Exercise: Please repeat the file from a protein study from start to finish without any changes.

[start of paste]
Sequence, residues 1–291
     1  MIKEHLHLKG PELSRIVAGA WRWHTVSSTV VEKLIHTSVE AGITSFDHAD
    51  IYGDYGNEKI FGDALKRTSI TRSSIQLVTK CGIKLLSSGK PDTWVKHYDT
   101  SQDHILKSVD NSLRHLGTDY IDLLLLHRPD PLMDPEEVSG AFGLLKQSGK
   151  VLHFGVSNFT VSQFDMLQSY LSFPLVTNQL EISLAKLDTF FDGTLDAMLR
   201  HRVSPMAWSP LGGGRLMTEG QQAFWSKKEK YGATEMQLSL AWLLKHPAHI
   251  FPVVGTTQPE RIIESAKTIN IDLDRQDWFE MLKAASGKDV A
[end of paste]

Sequence, residues 1–291
     1  MIKEHLHLKG PELSRIVAGA WRWHTVSSTV VEKLIHTSVE AGITSFDHAD
    51  IYGDYGNEKI FGDALKRTSI TRSSIQLVTK CGIKLLSSGK PDTWVKHYDT
   101  SQDHILKSVD NSLRHLGTDY IDLLLLHRPD PLMDPEEVSG AFGLLKQSGK
   151  VLHFGVSNFT VSQFDMLQSY LSFPLVTNQL EISLAKLDTF FDGTLDAMLR
   201  HRVSPMAWSP LGGGRLMTEG QQAFWSKKEK YGATEMQLSL AWLLKHPAHI
   251  FPVVGTTQPE RIIESAKTIN IDLDRQDWFE MLKAASGKDV A